We thank Dr. Duvaldestin for his comments regarding our article.1
Dr. Duvaldestin points out that our assessor-blinded study is at odds with his own findings.2
We believe that findings from both studies can be easily reconciled by taking into account some overlapping findings as well as a few obvious methodologic differences between these studies.1,2
In accordance with our data, Duvaldestin et al. did not observe flow limitation during normal breathing. However, our data show that integrity was impaired during airway challenges.
Duvaldestin and coworkers2
correctly point out that, in their study, volunteers were breathing via
a mouthpiece whereas we used a nasal mask during our experiments.1
Indeed, this is an important methodologic difference. In fact, our approach allows for analysis of the pressure–flow relationship of the whole supraglottic airway, whereas the method of Dr. Duvaldestin is restricted to the oropharyngeal airway only. However, it is clinically important to evaluate both, the retropharyngeal and retroglossal upper airway.
We have shown that the effects of partial neuromuscular blockade on the upper airway muscles are significantly greater in the retropalatal compared with the retroglossal airway.3
In accordance, Schwab and coworkers4
showed that the soft palate plays the predominant role in mediating airway narrowing during sleep, and this is thought to be related to a decrease in upper airway dilator muscle activity. Thus, the retropalatal area seems to be particularly susceptible to a decrease in upper airway dilator tone. Accordingly, the technique used by Dr. Duvaldestin and coworkers is not sensitive to detect upper airway collapse in its most collapsible segment.
Although in Dr. Duvaldestin's opinion this circumstance is the main difference between the two studies, we believe that further differences in methodology exist with far greater impact on the results.
First, Dr. Duvaldestin and coworkers studied six volunteers, and there is no information provided how the number of volunteers was determined. Our study was performed following a power analysis based on pilot experiments and we examined 15 volunteers. Thus, one might speculate that Dr. Duvaldestin's study lacked the power to demonstrate significant results—absence of significance does not reflect significance of absence.
Second, Dr. Duvaldestin and coworkers conducted a negative pressure challenge using a stepwise decrease in airway pressure from ambient pressure to −40 cm H2
O with a decrease in airway pressure by 5 cm H2
O implemented every three respiratory cycles. This technique is assumed to assess active dynamic responses to airway obstruction, and the critical airway pressure obtained is thus the so-called active Pcrit.5
Depending on the volunteers' respiratory rates, the time between the onset and the nadir of the negative pressure challenge with this technique varies and occurs over time. Most likely, this results in differences in compensatory mechanisms such as airway muscle activation or changes in respiratory drive. In our study, in contrast, volunteers were exposed to short random pressure drops alternating with longer periods of breathing at a (slightly positive) holding pressure. This latter technique is suitable to assess the passive mechanical properties of the upper airway and has thus been coined the passive Pcrit.5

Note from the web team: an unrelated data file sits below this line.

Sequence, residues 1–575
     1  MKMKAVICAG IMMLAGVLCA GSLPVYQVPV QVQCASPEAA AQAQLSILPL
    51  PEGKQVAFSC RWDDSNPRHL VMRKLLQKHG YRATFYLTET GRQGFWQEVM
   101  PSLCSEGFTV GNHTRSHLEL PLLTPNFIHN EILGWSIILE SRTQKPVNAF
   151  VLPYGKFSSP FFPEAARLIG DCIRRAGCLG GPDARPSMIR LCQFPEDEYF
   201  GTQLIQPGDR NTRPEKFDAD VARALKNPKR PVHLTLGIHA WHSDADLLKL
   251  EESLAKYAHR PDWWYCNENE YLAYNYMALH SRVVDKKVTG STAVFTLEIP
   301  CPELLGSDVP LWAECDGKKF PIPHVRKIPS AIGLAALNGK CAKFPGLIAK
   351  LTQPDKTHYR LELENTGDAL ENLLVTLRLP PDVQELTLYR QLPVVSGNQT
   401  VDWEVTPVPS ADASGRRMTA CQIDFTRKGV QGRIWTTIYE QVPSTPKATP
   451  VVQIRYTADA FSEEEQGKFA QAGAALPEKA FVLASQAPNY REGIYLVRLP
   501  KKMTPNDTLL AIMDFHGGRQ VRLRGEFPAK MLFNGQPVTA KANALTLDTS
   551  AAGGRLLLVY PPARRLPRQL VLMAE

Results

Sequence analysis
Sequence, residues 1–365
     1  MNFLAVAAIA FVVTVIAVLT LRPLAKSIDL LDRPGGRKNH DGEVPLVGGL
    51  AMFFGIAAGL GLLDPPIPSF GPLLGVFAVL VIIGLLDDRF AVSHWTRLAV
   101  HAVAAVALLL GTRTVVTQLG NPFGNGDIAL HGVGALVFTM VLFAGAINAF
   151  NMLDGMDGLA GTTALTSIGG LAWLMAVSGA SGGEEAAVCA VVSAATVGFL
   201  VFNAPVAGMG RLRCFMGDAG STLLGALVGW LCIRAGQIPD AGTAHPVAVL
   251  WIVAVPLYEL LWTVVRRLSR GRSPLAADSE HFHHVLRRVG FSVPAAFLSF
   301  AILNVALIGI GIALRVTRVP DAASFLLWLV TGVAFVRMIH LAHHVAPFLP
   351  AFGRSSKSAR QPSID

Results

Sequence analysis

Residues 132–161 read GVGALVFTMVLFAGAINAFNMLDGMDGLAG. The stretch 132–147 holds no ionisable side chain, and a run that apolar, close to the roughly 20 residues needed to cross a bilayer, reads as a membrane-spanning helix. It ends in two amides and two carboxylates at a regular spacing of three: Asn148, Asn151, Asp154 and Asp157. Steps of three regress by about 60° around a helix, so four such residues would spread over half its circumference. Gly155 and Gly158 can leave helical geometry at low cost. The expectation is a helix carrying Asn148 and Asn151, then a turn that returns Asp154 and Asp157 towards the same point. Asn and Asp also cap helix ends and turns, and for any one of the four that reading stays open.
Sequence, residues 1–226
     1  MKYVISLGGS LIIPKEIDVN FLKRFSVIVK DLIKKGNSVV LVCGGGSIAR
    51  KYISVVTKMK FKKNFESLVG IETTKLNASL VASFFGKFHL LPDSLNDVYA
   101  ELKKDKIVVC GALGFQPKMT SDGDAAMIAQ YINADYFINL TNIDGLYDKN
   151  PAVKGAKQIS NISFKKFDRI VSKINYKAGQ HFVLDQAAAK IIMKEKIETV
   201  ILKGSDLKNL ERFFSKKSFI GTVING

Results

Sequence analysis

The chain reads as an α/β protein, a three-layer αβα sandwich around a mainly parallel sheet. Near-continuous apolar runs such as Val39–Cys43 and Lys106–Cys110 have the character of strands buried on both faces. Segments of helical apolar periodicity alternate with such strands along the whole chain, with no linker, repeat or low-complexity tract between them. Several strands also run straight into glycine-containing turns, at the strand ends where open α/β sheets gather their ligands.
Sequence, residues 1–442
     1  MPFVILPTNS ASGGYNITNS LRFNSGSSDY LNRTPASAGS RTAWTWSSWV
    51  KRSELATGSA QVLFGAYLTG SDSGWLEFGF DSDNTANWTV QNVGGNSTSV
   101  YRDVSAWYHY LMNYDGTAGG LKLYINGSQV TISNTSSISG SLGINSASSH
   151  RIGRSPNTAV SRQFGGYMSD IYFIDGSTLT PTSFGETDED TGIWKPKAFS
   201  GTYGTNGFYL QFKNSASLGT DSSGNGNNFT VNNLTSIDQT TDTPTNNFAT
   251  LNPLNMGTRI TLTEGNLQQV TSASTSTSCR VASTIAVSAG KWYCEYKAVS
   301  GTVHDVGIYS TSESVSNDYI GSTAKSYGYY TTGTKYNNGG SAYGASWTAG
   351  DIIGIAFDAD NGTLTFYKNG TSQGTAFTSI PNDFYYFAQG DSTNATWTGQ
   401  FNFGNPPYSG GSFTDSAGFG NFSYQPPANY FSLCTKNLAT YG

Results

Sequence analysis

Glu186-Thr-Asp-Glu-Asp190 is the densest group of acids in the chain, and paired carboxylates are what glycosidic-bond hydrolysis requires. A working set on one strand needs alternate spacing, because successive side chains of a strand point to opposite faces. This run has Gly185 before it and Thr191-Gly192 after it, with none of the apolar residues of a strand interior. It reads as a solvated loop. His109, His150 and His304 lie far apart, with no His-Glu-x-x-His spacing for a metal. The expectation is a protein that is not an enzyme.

This variable reflects the mechanical integrity of the upper airway and, potentially, the patient's ability to compensate for challenges such as a forced inspiration.
Although not addressed in any of the publications, upper airway muscles are likely more susceptible to neuromuscular blocking agents than the diaphragm. Whether this is due to particular resistance of the diaphragm to such drugs or to particular susceptibility of the upper airway muscles has not been elaborated.
Accordingly, although we agree with Dr. Duvaldestin that further work on the susceptibility of the airway muscles is warranted, this issue does not alter our findings or dilute their significance.
Frank Herbstreit, Dr. Med.,*
Jürgen Peters, Prof. Dr. Med.
Matthias Eikermann, PD Dr. Med.
*Klinik fuer Anaesthesiologie und Intensivmedizin, Universitaetsklinikum Essen, Essen, Germany. email@example.com
1. Herbstreit F, Peters J, Eikermann M: Impaired upper airway integrity by residual neuromuscular blockade. Anesthesiology 2009; 110:1253–60
2. D'Honneur G, Lofaso F, Drummond GB, Rimaniol JM, Aubineau JV, Harf A, Duvaldestin P: Susceptibility to upper airway obstruction during partial neuromuscular block. Anesthesiology 1998; 88:371–8
3. Eikermann M, Vogt FM, Herbstreit F, Vahid-Dastgerdi M, Zenge MO, Ochterbeck C, de Greiff A, Peters J: The predisposition to inspiratory upper airway collapse during partial neuromuscular blockade. Am J Respir Crit Care Med 2007; 175:9–15
4. Trudo FJ, Gefter WB, Welch KC, Gupta KB, Maislin G, Schwab RJ: State-related changes in upper airway caliber and surrounding soft-tissue structures in normal subjects. Am J Respir Crit Care Med 1998; 158:1259–70
5. Patil SP, Schneider H, Marx JJ, Gladmon E, Schwartz AR, Smith PL: Neuromechanical control of upper airway patency during sleep. J Appl Physiol 2007; 102:547–56
© 2010 American Society of Anesthesiologists, Inc.